I think we all wish, in hindsight, to have spent more time with loved ones than we actually did. I miss my grandfather something terrible. Be sweet to your granddaughter; there's something special about that granddad/granddaughter relationship.

Shadow said...

oh, mushroom hunting... i've done that exactly once in my life. and that was in the namibian desert of all places. huge brown mushrooms the size of frying pans. they grow on termite hills. seems the termites draw the poisons out, making them safe to eat. well, that's what i was told when i was 10, maybe they were pulling my leg, maybe they weren't. but poisonous the mushrooms werent.

Land of shimp said...

Oh heavens, I was in fits of giggles over the one, reluctantly social cow in the background! All the other bovines, moving as a group. "A person. Could mean food. Let's go and check him out." whereas as the sole holdout seemed to be thinking, "A person. Could mean we're all about to be turned into hamburger. You lot go first. I'll join you if that thing in his hands turns out to be something other than a grinder."

The scout cows, moving as a pack towards you! Hehe!

I think it's lovely that you introduced your son to classical music. You know, I think many fathers end up with the feeling that, "as you grew, I was so busy keeping a roof over your head, I didn't see you as much as I would have liked." but there's a lot of worth in having a roof, and often times a chance comes again for grandparents.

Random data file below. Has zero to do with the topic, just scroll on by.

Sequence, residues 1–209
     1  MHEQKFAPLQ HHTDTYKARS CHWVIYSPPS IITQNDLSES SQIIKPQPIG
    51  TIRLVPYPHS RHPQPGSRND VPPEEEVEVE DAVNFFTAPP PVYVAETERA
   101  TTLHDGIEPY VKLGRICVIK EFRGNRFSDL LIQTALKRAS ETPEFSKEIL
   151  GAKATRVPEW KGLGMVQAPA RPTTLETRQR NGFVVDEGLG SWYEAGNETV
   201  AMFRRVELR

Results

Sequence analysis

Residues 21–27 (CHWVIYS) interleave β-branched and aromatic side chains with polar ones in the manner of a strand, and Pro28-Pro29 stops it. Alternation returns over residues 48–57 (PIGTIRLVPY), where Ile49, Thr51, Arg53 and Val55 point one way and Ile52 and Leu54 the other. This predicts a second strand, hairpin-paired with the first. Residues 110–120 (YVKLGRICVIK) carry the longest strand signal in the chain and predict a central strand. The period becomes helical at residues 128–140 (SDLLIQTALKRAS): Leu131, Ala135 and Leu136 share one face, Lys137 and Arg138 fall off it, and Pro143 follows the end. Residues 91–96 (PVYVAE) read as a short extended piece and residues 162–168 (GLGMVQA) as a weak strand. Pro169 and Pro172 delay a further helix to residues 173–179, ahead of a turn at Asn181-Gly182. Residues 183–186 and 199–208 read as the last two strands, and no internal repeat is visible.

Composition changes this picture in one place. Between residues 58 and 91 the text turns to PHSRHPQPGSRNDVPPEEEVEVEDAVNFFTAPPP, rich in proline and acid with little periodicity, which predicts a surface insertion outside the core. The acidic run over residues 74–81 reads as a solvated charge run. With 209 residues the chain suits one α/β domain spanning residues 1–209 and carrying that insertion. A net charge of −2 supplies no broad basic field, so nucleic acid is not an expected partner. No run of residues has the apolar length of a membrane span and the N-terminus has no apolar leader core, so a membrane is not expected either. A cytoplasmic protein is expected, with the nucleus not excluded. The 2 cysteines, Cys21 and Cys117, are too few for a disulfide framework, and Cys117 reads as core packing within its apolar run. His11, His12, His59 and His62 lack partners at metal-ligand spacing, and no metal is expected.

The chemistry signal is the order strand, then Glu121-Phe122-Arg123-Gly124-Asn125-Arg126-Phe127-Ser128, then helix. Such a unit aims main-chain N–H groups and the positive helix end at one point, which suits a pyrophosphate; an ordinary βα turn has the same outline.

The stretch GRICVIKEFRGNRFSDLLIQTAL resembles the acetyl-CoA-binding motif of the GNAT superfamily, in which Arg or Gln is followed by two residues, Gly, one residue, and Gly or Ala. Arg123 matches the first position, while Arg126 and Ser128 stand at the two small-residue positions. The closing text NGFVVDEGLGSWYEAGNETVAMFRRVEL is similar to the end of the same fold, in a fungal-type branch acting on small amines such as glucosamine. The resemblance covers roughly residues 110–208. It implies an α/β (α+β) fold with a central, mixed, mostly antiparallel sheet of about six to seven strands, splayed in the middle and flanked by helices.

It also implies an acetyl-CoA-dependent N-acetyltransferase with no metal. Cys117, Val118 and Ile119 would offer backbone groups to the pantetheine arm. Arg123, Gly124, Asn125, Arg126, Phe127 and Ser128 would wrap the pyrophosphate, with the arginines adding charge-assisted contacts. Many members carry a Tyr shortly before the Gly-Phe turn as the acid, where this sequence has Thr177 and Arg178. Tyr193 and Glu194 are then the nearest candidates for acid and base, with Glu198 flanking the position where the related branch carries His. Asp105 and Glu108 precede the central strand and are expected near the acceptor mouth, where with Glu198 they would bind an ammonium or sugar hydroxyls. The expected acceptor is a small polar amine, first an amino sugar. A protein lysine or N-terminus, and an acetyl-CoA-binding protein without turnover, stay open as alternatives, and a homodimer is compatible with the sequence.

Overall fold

My husband has wonderful, wonderful memories of his paternal grandfather of fishing trips, and his granddad's seemingly endless patience. When he got older he realized that his memory of his father's father was a bit different than his father's memory. His dad remembered his own father being gone most of the time, but when he saw his dad with the grandkids, he got an opportunity to meet a different, and perhaps fuller version of his father.

Sometimes time is kind :-)

DUTA said...

Lovely grass, lovely cows , a lovely voice (yours), and a lovely background music.

As for classical music, what is there to say about : it's...classy.

Brenda said...

I was wondering what you had that attracted all the cows to come towards you. It must have been your gentle charm.
We used to have season tickets to the Symphony here in St. Louis years ago, but haven't been for a long time. My husband knows much more than I do about classical music. Like your son, he has a very large collection.